It's like watching a Hong Kong action film from 1982. Of course, what most people don't tell you about Hong Kong action movies from 1982 is that they almost invariably suck. Elektra follows in this proud tradition by being not only boring, but also excessively pointless.
It stars Jennifer Garner, whose one expression is to purse her lips. Here's Jennifer looking sad: See, her lips are pursed! Here's Jennifer looking amorous: You can tell by how pursed her lips are. And here's Jennifer looking constipated: Guess what her lips are doing!
While a number of actors have gotten by on a single look (cf. the complete works of Harrison Ford and Kevin Costner), they mostly maintained their careers by appearing in films that someone, somewhere might want to go see. My advice to Ms. Garner: Dump a lot of cash in your 401(k) right now, because I think that next year's payment is going to be a bit slim.
The first of an almost infinite number of problems with Elektra is the good vs. evil set up. We're told that "The Hand" is evil, and we'd better just believe it, because we never see them do or say or plan to do anything terribly evil. They are tremendously Asian, and they bow to each other, so I guess that indicates that if they had their way, we'd all be eating soy paste with little sticks. God bless America!
Meanwhile, the good people are led by Stick, a blind white guy who's so good that he orders the über-assassin Elektra to kill a completely innocent man and his reasonably innocent daughter.
Needless to say, Elektra doesn't kill them, but instead befriends them and then, as often happens after you make friends with the people you were supposed to kill, ninjas come through the roof and fire darts.
This leads to some running and knifing. It also leads to the only good scene in the movie: Back at Evil Incorporated (i.e. "The Hand"), it is learned that the regular ninjas were not successful. Thus, the team of super ninjas is brought in--Tattoo, a man who is, shockingly, covered in tattoos; Typhoid, a woman possessed with the awesome power of deathliness; Stone, who's all strong and stuff; and Some Other Dude, who can do, like, stuff.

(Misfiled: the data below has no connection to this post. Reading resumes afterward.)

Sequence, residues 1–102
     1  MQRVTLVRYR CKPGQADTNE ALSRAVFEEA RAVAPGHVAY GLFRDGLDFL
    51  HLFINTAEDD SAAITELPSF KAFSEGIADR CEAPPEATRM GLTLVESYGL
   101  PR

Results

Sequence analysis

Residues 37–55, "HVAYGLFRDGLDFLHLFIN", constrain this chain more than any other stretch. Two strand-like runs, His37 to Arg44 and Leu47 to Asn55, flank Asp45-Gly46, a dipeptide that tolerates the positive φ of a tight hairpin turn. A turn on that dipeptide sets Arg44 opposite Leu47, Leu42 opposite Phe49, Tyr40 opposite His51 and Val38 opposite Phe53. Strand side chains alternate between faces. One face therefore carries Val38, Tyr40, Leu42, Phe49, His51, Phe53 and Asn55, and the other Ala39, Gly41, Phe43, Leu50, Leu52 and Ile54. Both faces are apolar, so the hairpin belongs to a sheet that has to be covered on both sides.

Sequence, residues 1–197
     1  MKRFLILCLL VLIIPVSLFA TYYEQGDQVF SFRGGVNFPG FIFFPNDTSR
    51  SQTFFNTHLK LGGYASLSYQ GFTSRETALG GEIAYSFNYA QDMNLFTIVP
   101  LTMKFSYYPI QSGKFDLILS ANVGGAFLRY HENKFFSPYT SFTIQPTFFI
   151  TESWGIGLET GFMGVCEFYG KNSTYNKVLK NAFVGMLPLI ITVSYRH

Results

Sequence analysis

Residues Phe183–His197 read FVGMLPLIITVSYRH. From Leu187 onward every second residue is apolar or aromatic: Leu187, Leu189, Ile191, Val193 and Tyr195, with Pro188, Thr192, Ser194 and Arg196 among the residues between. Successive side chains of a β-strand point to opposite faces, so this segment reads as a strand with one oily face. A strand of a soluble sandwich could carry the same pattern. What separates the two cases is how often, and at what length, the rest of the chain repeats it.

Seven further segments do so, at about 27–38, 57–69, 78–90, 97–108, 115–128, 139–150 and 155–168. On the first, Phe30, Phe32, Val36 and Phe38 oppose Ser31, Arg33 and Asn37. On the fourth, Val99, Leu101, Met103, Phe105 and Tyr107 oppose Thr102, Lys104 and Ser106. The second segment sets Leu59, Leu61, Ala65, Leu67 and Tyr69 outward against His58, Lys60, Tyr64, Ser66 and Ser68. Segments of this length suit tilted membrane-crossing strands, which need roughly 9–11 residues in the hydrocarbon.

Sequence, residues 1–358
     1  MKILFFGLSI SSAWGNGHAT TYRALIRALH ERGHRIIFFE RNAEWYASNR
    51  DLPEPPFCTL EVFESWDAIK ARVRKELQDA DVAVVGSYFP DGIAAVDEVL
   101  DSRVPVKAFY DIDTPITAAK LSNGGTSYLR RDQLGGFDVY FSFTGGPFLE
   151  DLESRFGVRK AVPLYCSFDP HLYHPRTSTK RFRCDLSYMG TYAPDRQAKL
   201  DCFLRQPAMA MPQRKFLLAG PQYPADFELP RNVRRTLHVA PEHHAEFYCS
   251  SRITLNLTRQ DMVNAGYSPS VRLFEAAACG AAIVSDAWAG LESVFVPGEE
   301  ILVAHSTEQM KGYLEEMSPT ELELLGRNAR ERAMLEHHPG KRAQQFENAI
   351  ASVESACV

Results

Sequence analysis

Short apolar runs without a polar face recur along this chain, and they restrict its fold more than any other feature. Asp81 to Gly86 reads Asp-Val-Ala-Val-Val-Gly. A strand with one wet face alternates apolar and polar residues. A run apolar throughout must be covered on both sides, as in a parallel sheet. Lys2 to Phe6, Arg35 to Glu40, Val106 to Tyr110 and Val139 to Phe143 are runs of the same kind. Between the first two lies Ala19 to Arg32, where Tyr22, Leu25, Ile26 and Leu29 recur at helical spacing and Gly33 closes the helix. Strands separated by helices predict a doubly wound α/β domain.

They enter the boardroom of The Hand decked out in Hollywood post-punk and anime-goth clothing that's so dorky and derivative that it would probably embarrass the Tron Suit Guy. As they slouch and saunter in, the former C.O.O. of The Hand approaches their leader and says, in his best generic Asian voice, "Your warriors are an abomination." I don't know; I just thought that was funny.
The rest of the film, though--not so funny. Nor entertaining nor engaging. There's just never any reason to root for or care about the main character. As far as I can tell, she's just an amoral assassin, and I'm supposed to feel sorry for her because she had a messed-up childhood. No thanks!
What's worse, she doesn't even follow through on her job of killing. Maybe I was just having a Bhagavad Gita moment, but I really wanted her to kill the guy and his kid, because, hey, that's what she's paid to do. Have we come to the point in our culture when duty and responsibility mean so little that we'd actually root for a businesswoman who won't even fulfill her contracts?
Maybe I'd have cared more about what happened if anyone had shown even the slightest character, but if all I've got is voiceover narration saying "the good guys are the ones in the white robes; the bad guys are all Japanese-looking: now go!" then it's a little hard for me to get into the flow of things. I mean, both al-Qaeda and the Ku Klux Klan think of themselves as good. I'm sure if they got to do their own voiceover narration, they'd tell us to root for them. With a little more context, though, they both become kind of unsympathetic.
Context is exactly what Elektra lacks. Well, context, a script and some sort of acting on Garner's part. The weird thing is that they got Goran Visnjic and Terence Stamp to be in this movie. I can only imagine that they threw buckets of C-notes at each of them and then hoped they'd be so blinded by the rain of money that they wouldn't bother to read the screenplay before agreeing to appear in the film.
I could go on about the mediocre cinematography (a bunch of shots you've seen before, and better, in car commercials and Teletubbies episodes), the lame costuming or the aimlessness of the direction (by Rob Bowman, best known for the execrable Reign of Fire, which was critically dubbed Rain of Crap), but it all boils down to a total lack of any compelling reason to care about what's happening on screen. Without that, it's not so much a movie as just a series of alternating colors flashing on an illuminated surface.